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First question: Hold the hammer loosely, don't use a death grip on it. Also, do not put your thumb along the top of the hammer handle. The idea is to minimize shock running up the hammer handle and into your arm and shoulder. Holding the hammer loosely does not allow the force to transfer. The weight of the hammer is what does the work, your arm just lifts and guides the hammer. Take a look on the web for Uri Hofi, he is a blacksmith from Israel and has developed a method to hammer with minimum impact to the body. Found a

on Youtube.

 

Second Question: The safest thing to do with kids is to take your time and educate them about the dangers. The next thing is to try to get them to help you with the work. Once mine realized how much work forging is, well... They are quick to find something else to do now! Third, develop good work habits, come up with a startup and shutdown routine and follow it religiously. For example, you will eliminate quite a bit of safety risk if you make a habit of disconnecting the propane bottle after every forging session and inspecting all seals, valves, etc. (visually inspect seals and spray everything down with soapy water to check for leaks) before starting again. Between that, and locking up your work area, you and your children should be quite safe.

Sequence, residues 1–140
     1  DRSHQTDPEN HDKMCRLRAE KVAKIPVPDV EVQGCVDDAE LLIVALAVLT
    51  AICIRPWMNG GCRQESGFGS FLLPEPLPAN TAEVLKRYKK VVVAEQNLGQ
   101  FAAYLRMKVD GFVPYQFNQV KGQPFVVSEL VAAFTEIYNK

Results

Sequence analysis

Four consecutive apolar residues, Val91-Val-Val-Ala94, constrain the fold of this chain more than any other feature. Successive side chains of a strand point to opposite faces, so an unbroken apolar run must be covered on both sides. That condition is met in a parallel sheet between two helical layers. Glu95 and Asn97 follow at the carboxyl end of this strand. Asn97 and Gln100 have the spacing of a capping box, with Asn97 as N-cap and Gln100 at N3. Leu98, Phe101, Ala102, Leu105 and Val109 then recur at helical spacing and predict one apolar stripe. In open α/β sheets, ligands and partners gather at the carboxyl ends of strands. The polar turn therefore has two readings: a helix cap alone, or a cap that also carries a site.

Third question: You are seeing a range of PSI for venturi burners because, one, they will use more gas for things like welding as opposed to general forging and, two, not everyones forge is the same volume nor do they all run the same size of orifice in the venturi. Yes, they will get to welding temperature especially if well tuned by someone who knows what they are doing. I would not say that a venturi burner has better temperature control, a properly tuned setup, either blown or venturi, should be about the same when it comes to control over temperature.